Take the Money and Run was one of this week’s 69 series films. I was so jealous of a group of folks at this screening — it looked like a dad & teenage son, and then two of the teen’s friends. I always am jealous when parents bring kids to revival film (or, really, anything that’s not the prepackaged cereal-and-action-figures tie-in sort of thing) because that never would have happened in my “most film is immoral and indecent and a waste of time and money” family.
They were sitting in front of me, so I got to hear their conversation: if any of them had seen any Allen before, and then it somehow drifted off into Shakespeare in Love (which one of the teens didn’t like because it was too funny & made a joke of Romeo & Juliet, which is actually my problem with Baz’s version), and then complaints about it winning over Saving Private Ryan (which entertained me, because that was a topic of discussion in a friend’s journal the day before.))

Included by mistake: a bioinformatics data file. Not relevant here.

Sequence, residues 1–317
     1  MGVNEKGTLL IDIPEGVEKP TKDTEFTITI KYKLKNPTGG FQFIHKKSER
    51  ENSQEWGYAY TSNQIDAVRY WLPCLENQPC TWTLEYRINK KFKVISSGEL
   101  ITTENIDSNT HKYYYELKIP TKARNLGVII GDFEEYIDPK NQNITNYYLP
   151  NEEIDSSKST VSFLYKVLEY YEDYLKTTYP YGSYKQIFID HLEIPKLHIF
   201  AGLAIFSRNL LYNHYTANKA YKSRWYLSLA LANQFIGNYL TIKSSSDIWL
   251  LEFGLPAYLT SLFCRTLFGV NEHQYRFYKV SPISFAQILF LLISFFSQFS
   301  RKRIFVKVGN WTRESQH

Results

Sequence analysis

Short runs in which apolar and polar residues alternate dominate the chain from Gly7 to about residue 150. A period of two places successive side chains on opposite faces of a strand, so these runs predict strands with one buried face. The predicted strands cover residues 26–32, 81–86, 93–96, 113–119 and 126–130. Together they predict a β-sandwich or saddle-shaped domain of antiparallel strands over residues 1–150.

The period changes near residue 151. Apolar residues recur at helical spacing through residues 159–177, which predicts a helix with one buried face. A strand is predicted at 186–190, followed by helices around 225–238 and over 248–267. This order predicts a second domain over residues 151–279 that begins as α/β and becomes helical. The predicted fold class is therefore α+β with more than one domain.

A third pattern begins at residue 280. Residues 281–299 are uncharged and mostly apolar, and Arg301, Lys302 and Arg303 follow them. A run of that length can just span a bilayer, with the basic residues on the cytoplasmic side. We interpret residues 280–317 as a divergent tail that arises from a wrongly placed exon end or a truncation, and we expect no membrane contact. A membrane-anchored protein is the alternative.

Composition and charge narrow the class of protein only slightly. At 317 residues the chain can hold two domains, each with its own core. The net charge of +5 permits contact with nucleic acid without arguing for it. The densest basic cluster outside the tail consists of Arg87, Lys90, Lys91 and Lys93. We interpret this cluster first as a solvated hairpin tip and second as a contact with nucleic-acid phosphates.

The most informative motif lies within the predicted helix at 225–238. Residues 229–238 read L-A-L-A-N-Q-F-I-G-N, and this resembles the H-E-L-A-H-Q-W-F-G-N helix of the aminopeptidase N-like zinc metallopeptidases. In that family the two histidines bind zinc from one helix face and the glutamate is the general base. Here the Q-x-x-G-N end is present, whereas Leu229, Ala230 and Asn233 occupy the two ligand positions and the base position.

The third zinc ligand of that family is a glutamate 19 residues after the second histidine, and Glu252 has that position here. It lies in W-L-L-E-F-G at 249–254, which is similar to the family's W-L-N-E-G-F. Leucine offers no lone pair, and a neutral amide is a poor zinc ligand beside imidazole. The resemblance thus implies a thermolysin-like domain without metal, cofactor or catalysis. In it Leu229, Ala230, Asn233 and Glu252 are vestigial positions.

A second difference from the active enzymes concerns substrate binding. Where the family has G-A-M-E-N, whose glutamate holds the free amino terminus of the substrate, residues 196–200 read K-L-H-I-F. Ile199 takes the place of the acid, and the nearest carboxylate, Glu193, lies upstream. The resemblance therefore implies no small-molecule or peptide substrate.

The film itself is great, one of the original mockumentaries, with a snappy script & fantastic sight gags. It’s the first film he wrote *and* directed *and* starred in, and as such is essential Allen.
Probably the best thing about State of Play was Helen Mirren; also the direction, Russell Crowe & his long hair, the Great Big Sea needle drop, and the set decoration (this is not meant to be damning with faint praise; the sets, particularly for Cal’s office & the newsroom, were fantastic). Unsurprisingly, UK miniseries is much richer & more satisfying. It’s sort of unavoidable when you take 6 hours down to 2. The film is solid, though, and Jason Bateman’s supporting turn as Dominic Foy is fabulous.